Here is a close up of the rub through.  The problem was after sealing the strakes with epoxy there was no way to use a wiping stain and get it to look right.  I looked at several paint colors but could not find a color that worked.  The sheer strake has three coats of stain applied with a brush in order to get the color.  All the strakes will receive several coats of varnish with the last couple coats being a satin finish. 

Tuesday, April 21, 2015

The ribs are finally installed and the next phase is the installation of the floorboards.  I am using 3/4" oak cut 2 1/2" wide and fastened with 1 1/2" #10 SS wood screws.   The doubled floor bulkheads will provide ample support and define the shape of the floor.                                                                                                                                                                                                                                                                          

A cardboard template is scribed to fit the curvature of the hull. Once the curve is transferred to the board it receives a roundover edge and then the outside of the scribe is beveled to fit the hull. Sounds simple but there are numerous trips made to the sanding station and bandsaw to get the bevel right.  Almost as much fun as fitting the ribs. The floorboards that cantilever past the bulkhead receive additional support from a ledger glued to the adjacent floorboard.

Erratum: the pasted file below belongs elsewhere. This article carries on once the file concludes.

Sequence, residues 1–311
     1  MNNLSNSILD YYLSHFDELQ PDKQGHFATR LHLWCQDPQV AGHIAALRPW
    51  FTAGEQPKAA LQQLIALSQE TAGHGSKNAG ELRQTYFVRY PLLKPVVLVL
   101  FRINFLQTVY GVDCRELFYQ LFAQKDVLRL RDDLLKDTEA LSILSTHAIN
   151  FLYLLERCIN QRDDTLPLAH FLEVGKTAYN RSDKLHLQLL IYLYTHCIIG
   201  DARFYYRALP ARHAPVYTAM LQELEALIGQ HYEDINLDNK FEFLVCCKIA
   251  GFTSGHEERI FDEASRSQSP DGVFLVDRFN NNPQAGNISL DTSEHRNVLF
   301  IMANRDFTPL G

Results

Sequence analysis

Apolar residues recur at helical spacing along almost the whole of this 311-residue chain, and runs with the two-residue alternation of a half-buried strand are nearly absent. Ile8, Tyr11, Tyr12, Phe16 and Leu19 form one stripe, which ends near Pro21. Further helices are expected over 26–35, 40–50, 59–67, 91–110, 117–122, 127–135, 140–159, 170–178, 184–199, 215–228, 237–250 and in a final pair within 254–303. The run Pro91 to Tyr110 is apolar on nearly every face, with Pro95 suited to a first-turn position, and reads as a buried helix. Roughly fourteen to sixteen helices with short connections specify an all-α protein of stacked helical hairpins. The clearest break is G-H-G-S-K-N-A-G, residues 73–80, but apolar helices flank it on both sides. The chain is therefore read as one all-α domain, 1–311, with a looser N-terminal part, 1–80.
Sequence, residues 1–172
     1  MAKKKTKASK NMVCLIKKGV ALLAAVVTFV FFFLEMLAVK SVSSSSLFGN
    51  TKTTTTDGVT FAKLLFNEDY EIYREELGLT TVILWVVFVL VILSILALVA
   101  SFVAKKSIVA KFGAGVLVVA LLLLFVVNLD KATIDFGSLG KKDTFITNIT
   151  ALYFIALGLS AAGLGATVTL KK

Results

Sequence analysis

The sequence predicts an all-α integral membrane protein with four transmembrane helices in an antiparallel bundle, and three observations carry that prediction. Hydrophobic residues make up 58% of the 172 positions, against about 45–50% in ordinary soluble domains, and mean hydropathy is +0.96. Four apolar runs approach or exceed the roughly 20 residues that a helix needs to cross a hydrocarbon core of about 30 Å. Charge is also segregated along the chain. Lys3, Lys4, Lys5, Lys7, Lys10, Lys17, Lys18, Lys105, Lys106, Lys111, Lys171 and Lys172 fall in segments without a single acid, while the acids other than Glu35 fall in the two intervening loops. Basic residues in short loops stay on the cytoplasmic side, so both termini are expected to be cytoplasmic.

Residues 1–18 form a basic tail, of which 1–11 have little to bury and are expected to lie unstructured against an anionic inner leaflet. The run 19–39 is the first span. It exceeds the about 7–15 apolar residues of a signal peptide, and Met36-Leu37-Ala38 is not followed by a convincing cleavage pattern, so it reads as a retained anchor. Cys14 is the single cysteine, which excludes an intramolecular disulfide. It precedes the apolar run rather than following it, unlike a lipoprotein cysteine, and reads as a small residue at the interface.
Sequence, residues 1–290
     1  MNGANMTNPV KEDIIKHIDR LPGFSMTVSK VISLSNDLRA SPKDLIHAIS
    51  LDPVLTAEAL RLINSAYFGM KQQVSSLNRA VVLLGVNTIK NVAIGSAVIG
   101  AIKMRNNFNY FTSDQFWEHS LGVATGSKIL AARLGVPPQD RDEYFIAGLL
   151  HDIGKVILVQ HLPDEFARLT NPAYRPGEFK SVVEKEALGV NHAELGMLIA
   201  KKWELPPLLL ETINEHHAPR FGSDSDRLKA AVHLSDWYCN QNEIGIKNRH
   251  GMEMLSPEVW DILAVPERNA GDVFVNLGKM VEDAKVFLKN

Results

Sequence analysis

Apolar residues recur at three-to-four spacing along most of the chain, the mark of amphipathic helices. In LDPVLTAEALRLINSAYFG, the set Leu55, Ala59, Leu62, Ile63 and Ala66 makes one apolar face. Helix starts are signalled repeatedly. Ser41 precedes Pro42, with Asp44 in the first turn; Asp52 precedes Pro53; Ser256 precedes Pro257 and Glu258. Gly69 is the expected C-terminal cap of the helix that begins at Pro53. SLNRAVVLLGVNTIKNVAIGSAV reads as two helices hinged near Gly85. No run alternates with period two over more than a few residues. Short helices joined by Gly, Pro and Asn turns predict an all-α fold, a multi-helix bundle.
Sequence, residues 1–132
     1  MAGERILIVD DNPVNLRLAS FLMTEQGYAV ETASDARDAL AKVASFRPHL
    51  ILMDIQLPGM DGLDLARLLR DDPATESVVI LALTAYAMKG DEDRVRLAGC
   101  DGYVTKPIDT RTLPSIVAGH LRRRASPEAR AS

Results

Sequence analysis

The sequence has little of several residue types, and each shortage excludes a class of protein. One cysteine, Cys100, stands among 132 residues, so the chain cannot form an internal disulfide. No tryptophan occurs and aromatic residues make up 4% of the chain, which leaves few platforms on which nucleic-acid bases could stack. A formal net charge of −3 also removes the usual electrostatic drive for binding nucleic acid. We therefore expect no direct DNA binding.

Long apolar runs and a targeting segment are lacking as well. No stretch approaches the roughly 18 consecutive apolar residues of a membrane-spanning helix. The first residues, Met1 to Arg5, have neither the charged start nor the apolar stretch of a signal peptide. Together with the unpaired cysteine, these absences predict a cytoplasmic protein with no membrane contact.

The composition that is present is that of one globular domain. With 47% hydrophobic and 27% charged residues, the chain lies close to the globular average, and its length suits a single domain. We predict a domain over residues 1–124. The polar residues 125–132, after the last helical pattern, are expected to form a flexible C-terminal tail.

A bilge pump will be installed in front of the centerboard box.  To provide access the two adjacent floor boards will be removable.  The centerboard bolt is also located just below the notched floorboard.

Monday, January 19, 2015

 I have begun building the ribs.  I am deviating a little form the traditional method. I'm using two 3/4" boards on each side of the rib to better facilitate the floor installation.  I started with the midsection rib as it has the least bevel angle. 
The bow and stern ribs have the most bevel with  as much as 15 degrees along the leading edge.  I am sandwiching two 3/4" boards together so I bevel each board individually.  I have learned to really appreciate both my band saws.  I am using my 14" band saw with a 1/8" blade for the primary shaping cuts.  The 9" band saw with a 3/8 blade and a Carter scrolling wheel does the angled bevel cuts.
I start with a cardboard cutout to acquire the initial curve.  I then transfer the curve to a piece of oak and pencil scribe the piece until I am happy with the fit.  The last step is to cut the bias to fit the taper of the strakes.  I then use a stringer to draw the curve in the top of the rib.  When the second rib is cut and fit I use the first rib to scribe the second making a matched pair.
Once the ribs are clamped and glued they will be sanded and routed to create a fair shape.